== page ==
Your Linux Data Center Experts

Roger Parmenter, at a recent NCLUG, asked about how to split up a tar file into smaller tar files. I had pointed him at some backup software I had written years ago called “pyntar”, which I thought had done that. After some re-learning, I realized that pyntar didn't split on even tar boundaries. It does index tar files for fast recovery, and split them at a particular size.

However, I realized that, understanding the that file format and having a Python module I wrote, I could easily build a program that did just that. I put together “pytarsplit” and made it available on our FTP site at

You pipe tar data to it and call it with arguments specifying the split size in bytes and a file name prototype. For example:

tar c . | pytarsplit 5000000 /tmp/splittarfile.%05d.tar

This will create a tar of the current directory, and write it to files named “splittarfile.00001.tar”, “splittarfile.00002.tar” and so on. Unlike using the Unix “split” command, each of the resulting tar files will be a self-contained tar file that you can run “tar” on, or you can cat them all together to return to the original file.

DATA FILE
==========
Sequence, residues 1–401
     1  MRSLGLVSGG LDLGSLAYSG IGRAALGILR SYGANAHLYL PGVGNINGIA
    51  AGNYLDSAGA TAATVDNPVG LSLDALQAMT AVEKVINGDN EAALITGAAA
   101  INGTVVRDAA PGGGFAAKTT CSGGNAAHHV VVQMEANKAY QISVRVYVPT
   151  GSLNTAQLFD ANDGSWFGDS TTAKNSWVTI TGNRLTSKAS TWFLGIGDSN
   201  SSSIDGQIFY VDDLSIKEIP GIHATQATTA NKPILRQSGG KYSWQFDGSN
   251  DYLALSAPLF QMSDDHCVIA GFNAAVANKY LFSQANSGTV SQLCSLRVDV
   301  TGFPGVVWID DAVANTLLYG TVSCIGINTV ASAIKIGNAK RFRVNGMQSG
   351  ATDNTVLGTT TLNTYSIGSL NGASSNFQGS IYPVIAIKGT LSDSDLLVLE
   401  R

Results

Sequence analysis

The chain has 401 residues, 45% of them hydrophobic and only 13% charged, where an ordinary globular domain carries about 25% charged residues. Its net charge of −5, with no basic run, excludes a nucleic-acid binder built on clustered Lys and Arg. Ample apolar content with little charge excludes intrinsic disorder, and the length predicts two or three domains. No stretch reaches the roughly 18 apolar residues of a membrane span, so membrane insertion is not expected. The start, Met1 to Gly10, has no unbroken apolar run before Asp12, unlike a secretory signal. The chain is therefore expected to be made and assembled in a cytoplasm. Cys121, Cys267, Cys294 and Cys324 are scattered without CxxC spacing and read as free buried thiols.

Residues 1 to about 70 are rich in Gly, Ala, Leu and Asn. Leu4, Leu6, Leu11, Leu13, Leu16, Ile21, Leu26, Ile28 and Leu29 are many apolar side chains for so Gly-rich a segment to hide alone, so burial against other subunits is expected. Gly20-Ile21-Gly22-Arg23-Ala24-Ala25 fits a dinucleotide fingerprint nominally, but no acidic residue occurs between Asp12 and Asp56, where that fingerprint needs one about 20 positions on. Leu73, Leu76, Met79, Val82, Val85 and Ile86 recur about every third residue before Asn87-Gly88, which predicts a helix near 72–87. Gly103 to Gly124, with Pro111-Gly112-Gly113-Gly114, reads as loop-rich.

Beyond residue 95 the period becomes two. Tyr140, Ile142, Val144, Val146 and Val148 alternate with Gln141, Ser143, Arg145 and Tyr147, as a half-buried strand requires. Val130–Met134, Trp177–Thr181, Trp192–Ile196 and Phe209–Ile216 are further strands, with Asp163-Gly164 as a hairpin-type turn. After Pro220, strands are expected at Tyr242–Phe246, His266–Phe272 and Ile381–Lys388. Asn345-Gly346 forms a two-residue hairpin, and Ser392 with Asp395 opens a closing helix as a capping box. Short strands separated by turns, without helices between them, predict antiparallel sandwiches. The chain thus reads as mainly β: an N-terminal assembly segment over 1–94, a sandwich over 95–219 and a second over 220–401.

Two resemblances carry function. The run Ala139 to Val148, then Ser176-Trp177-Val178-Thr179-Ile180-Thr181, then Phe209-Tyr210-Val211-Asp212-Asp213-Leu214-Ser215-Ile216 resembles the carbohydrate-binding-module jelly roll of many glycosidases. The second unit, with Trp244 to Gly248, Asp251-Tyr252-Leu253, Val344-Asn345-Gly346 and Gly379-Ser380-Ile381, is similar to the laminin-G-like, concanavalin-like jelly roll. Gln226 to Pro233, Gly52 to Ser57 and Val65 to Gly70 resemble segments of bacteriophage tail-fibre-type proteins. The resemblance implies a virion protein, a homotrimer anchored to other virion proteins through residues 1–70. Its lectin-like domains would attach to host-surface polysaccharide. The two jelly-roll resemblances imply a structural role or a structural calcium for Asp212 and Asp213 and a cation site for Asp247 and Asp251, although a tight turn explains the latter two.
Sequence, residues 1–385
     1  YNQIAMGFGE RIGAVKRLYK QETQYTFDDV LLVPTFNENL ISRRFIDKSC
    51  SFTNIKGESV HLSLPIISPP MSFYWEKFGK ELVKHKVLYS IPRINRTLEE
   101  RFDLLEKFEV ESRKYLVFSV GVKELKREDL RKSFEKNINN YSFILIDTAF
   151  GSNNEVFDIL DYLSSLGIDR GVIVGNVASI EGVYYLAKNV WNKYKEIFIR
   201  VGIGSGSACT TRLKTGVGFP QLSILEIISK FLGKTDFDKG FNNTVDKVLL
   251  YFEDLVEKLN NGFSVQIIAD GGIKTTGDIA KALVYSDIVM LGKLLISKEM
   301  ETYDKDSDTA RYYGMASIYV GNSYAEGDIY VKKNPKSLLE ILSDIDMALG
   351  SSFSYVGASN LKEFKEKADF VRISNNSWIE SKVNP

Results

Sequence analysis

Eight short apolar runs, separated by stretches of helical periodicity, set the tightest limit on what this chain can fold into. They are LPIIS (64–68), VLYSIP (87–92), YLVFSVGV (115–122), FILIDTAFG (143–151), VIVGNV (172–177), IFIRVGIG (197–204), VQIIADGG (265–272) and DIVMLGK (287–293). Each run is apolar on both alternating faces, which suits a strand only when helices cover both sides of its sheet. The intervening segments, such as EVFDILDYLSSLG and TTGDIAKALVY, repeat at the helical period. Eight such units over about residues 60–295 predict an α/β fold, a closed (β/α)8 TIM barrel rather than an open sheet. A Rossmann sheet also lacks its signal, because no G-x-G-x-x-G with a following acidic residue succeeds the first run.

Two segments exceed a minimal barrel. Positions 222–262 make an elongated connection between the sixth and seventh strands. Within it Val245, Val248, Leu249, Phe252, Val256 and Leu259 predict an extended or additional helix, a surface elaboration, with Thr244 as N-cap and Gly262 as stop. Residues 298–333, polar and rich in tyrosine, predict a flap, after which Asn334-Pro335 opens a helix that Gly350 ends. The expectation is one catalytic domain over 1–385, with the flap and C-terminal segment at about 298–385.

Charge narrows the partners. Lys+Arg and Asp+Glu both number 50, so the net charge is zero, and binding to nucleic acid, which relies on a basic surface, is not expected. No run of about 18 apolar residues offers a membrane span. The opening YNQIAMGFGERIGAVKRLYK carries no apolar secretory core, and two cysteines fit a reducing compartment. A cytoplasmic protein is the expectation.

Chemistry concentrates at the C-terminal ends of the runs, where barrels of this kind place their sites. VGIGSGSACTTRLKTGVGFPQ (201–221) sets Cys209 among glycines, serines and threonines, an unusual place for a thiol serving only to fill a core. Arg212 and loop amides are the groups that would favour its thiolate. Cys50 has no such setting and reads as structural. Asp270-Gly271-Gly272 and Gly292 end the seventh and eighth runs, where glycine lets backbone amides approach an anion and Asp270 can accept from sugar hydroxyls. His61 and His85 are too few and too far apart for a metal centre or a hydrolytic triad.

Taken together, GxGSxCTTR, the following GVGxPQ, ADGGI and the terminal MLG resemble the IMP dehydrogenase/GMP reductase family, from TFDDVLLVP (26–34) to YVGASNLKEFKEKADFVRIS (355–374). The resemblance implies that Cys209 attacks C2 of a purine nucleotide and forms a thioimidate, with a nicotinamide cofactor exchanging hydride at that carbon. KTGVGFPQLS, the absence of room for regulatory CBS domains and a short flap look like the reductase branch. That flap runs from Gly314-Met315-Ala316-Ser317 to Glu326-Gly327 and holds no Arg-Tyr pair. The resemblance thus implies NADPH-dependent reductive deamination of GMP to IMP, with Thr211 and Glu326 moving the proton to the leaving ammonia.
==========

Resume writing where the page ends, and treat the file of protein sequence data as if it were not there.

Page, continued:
Of course, because of the way it operates, some of the resulting files will be larger than the split size. pytarsplit will try to keep it under the specified size, but in the event that an entry of the tar file is larger than the split size, the resulting part will end up being that size. In Roger's test backup, he had a couple of chunks that were 700MB, and I said “Oh, have a few ISOs in your home directory, eh?

Roger left the Hacking Society meeting fairly happy with the results. I'll probably refine it more as I have time.

comments powered by Disqus

Join our other satisfied clients. Contact us today.